"The average American woman is a size 14. That's the size I am," Ajax says. "That's the size I actually work really hard to maintain. It's the size I represent in the yoga studio. People love it. White, black, otherwise, 'cause it gives them permission to be different in the yoga studio and see that it's okay and you can do it."
Ajax is busting through all the misconceptions of who might be seen in a yoga class.
"It's about 85% black women who make up my membership and clientele," Ajax says. Everyone is welcome, though, and you will always find diversity within her studio.
One of Ajax's proudest accomplishments is bringing yoga to black men in her community. "We've been very fortunate to consistently have at least one black male on staff," she says. A recent 6 a.m. class she taught was comprised mostly of black men. For the studio, this was a reason to celebrate — tangible proof that Ajax is changing the face of yoga.
"We're demystifying this erroneous conception that yoga's only for women, that it's only for thin people, it's only for white women, it's only for people with high incomes," she says. "All of that is untrue."
"All you need to do yoga is an open mind."
Propeller is growing and helping businesses like Magnolia thrive. But they couldn't do that without the support of Capital One.
Capital One is committed to fostering the economic vitality of communities it serves, including greater New Orleans and Louisiana, by supporting entrepreneurs and small business owners. That commitment manifests in the company's investment in organizations like Propeller that support forward-thinking, socially-minded entrepreneurs who apply their knowledge, skills and energy to address significant challenges affecting people today.
When Propeller was just starting up, Capital One provided the organization with a line of credit when they weren't sure of cash flow. Since 2012, the company has also given Propeller $350,000 towards its Impact Accelerator Program, which provides executive-level mentorship, access to networks and financing, and a focused curriculum to connect local innovators with the sources they need to impact the city and build sustainable businesses.
What's more, the Fortune 500 company provided Propeller with a $126,100 grant for a new Makerspace at Mildred Osborne Charter School in New Orleans. STEM (science, technology, engineering and math) programming helps prepare students for the jobs of today and tomorrow — a focus of Capital One's Future Edge initiative — and the Makerspace at this charter school helps students learn in a more creative, technology-driven way.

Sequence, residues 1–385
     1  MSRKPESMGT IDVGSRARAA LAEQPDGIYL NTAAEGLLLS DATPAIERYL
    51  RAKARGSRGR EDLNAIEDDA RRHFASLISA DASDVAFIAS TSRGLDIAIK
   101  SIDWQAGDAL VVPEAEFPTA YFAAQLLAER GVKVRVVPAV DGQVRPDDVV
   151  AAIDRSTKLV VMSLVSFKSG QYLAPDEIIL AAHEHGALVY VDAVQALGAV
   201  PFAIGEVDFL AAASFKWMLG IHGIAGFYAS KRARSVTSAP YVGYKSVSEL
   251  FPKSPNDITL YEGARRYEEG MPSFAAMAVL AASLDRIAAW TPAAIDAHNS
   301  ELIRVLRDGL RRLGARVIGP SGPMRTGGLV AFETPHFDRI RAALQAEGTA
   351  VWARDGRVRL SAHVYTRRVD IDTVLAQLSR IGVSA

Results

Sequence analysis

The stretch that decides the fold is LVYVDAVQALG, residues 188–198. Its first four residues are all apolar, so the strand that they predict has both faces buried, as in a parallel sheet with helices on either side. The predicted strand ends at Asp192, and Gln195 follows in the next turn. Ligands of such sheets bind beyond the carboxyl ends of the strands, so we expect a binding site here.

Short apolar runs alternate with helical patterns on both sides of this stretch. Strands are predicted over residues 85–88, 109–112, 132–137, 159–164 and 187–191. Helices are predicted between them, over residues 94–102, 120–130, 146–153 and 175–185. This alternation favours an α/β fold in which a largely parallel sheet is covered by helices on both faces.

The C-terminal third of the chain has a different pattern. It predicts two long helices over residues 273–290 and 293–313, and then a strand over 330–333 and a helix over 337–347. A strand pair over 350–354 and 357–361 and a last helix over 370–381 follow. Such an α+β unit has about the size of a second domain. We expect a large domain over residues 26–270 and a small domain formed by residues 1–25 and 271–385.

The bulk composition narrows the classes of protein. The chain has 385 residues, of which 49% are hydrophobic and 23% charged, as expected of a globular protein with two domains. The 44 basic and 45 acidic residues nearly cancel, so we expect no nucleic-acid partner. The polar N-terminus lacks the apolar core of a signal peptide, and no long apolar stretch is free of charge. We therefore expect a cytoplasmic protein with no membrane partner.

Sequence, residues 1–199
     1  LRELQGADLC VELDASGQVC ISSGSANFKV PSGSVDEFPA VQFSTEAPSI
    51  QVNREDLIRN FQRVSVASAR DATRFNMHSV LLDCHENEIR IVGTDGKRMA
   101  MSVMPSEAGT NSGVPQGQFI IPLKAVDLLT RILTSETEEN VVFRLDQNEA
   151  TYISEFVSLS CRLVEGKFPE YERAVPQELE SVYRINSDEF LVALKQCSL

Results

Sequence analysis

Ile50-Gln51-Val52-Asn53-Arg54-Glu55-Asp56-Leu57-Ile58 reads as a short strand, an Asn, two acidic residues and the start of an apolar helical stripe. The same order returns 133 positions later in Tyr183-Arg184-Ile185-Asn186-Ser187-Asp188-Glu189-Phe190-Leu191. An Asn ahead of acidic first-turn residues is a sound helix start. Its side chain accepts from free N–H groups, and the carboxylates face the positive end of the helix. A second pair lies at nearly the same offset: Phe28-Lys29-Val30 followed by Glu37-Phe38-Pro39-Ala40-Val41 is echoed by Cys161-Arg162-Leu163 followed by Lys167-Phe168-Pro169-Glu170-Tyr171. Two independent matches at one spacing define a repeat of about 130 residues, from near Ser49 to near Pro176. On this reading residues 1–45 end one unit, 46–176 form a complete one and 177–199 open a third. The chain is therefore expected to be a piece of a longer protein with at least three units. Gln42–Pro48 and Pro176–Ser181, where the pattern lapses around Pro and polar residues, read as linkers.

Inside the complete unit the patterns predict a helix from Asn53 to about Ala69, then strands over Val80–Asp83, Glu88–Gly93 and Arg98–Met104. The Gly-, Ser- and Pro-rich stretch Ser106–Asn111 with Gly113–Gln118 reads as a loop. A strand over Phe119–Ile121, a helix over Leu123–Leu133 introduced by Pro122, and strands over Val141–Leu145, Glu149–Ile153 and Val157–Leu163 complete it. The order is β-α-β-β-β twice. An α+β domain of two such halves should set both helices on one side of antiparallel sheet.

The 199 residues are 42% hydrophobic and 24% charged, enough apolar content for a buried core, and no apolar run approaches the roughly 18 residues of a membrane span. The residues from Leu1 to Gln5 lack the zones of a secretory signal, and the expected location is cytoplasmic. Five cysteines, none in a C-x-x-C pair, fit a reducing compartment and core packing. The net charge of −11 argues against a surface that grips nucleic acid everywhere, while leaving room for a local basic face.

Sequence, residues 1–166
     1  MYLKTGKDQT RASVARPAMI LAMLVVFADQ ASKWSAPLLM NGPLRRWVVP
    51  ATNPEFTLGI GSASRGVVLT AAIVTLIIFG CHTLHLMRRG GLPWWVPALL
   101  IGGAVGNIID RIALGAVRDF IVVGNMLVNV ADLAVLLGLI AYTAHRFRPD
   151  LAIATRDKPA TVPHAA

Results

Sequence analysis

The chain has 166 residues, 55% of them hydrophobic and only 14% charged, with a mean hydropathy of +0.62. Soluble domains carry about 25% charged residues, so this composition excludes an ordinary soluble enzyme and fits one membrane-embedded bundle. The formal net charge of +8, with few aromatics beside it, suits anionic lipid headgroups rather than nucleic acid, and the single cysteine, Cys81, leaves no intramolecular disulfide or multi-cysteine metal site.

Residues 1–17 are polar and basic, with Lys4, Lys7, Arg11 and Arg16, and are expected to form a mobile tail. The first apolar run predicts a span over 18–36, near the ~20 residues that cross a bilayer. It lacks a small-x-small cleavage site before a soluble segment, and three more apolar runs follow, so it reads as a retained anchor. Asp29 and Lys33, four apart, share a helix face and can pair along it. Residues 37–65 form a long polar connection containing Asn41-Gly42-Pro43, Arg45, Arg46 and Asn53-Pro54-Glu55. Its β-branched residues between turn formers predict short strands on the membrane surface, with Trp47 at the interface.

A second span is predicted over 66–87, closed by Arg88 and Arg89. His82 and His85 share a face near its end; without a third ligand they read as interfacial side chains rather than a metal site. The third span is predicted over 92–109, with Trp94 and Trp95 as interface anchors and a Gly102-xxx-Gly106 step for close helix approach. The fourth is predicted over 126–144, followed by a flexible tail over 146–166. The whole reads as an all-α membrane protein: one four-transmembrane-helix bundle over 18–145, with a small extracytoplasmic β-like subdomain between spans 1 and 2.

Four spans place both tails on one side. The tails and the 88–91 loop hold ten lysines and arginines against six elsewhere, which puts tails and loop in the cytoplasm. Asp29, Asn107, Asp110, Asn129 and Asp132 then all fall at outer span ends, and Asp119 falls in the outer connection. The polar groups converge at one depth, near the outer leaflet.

But the relationship with Capital One quickly grew into something bigger than just a financial one, explains Executive Director Andrea Chen and Development Manager Kir Selert.
The financial-services company has helped the organization with everything from graphic design for its event flyers to public relations and marketing through associate pro bono and skills-based volunteerism. Capital One has also sent employees to work on projects directly with Propeller's entrepreneurs.
The partnership has allowed Propeller to help even more entrepreneurs like Ajax, leading to more positive change in the New Orleans community.
"The most rewarding part is seeing our entrepreneurs succeed, that entrepreneurs dream beyond what they think is possible for their own companies and for the impact they could have on their community," Chen and Selert note.
For Ajax, the support she's received has been life-changing. She's growing her business, branching out into yoga retreats, and working to bring her practice to incarcerated adults and youth.
Thanks to her connections at the studio — where she instructs lawyers, judges, city officials and activists, among others — previous work with UpRising Yoga and a potential partnership with the Prison Yoga Project, she's creating a program that will bring yoga to prisons sometime next year.
When Ajax looks back on her trajectory, she's overcome by all the positive change she's been able to bring to her community as a socially-minded business owner.
"It's helping me understand my gifts," Ajax says of everything she's learned since working with Propeller. "I've realized I'm a leader, a business leader in particular. And an advocate for people and their health."
"Teaching yoga's fantastic, but I knew to really have an impact, I would have to create my own business and create my own community. It's been a hard-fought battle. We've literally done it one student at a time."